From Issue II (2017)  


Heron on Blood and Water


The way trout lie at the bottom of the river
makes me question blood and water.
How are riffles formed in flesh?

My brother stood in the same trough
for two days hunting the fish that rose
to an early-season stonefly. Three cedar
waxwings landed on his bill
that first afternoon. The brown moved
for a drifting, cased caddis on the second
morning, then was lost in what light
my brother held.

My first trout came at the logjam
the beavers forgot. The fish swam
between drowned moosewood and hemlock,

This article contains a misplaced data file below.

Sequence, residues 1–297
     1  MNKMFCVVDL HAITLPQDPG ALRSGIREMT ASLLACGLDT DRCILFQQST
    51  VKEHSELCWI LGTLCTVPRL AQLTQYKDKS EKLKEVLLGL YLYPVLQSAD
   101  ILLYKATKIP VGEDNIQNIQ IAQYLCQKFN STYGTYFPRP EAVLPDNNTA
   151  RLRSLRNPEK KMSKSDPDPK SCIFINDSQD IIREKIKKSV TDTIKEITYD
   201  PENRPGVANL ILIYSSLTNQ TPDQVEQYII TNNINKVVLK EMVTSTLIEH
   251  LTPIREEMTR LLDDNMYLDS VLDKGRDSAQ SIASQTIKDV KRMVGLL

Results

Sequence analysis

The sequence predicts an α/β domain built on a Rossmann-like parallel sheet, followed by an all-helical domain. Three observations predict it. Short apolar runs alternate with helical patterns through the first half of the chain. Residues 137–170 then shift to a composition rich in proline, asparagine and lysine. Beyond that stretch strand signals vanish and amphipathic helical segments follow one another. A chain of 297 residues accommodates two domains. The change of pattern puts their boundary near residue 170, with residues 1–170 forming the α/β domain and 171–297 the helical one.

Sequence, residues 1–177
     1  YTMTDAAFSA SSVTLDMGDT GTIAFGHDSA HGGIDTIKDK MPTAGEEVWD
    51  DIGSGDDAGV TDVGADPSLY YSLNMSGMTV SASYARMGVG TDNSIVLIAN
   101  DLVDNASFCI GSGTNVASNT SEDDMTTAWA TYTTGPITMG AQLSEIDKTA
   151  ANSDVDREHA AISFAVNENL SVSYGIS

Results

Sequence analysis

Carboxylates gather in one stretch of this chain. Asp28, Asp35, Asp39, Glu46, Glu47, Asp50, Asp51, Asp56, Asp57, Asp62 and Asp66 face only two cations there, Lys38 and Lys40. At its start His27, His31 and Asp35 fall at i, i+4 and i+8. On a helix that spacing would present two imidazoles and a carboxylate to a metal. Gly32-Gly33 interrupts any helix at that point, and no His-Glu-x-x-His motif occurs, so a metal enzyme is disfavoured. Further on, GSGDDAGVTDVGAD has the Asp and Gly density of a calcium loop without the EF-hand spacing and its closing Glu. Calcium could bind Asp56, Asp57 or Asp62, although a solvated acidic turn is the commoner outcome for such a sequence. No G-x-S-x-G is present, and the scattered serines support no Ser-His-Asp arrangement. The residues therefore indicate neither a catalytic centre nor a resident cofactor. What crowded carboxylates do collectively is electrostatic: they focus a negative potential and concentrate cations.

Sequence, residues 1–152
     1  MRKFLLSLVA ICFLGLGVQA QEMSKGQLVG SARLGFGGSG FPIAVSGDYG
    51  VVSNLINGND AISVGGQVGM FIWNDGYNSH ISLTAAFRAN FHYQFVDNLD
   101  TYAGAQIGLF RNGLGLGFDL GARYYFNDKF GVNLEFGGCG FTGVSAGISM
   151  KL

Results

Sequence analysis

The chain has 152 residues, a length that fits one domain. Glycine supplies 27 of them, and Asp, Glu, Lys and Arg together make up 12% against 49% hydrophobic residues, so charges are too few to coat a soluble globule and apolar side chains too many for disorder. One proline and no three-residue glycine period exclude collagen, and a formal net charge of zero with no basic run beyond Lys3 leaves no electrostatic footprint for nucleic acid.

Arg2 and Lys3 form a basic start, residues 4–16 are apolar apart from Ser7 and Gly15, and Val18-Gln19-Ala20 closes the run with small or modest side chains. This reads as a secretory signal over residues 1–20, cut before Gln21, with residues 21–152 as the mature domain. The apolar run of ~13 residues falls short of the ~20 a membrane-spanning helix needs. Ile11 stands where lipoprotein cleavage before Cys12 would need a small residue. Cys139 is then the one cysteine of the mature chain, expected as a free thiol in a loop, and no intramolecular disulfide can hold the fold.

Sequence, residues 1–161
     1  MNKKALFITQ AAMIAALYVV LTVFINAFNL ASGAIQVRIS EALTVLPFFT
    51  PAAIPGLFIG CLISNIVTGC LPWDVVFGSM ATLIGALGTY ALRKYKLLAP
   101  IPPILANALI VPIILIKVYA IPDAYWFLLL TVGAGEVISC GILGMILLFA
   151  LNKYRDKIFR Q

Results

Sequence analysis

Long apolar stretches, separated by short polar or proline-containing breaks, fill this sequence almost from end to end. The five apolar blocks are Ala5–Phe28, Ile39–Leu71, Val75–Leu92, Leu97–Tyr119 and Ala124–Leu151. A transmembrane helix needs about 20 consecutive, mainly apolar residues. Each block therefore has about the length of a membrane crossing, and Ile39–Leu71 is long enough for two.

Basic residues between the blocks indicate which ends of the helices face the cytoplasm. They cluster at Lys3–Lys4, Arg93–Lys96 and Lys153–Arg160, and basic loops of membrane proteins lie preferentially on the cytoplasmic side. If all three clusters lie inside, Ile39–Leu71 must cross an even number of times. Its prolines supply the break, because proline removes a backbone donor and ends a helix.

white curves at the end of his fins
brilliant as bone.

The sweet taste the sun gifted
to the spotted sides
caught the inside of my throat,
lingered like a cut, or light
in late July.

Noah Davis

Noah Davis has published work with Poet Lore, Natural Bridge, The Hollins Critic, The Fourth River, Chariton Review, Permafrost, Appalachia, and Chiron Review, among others. In 2015 he received Pushcart Prize nominations for poetry from both Poet Lore and Natural Bridge. He has fiction and nonfiction published in Gray’s Sporting Journal, The FlyFish Journal, Kestrel, and Angler’s Journal.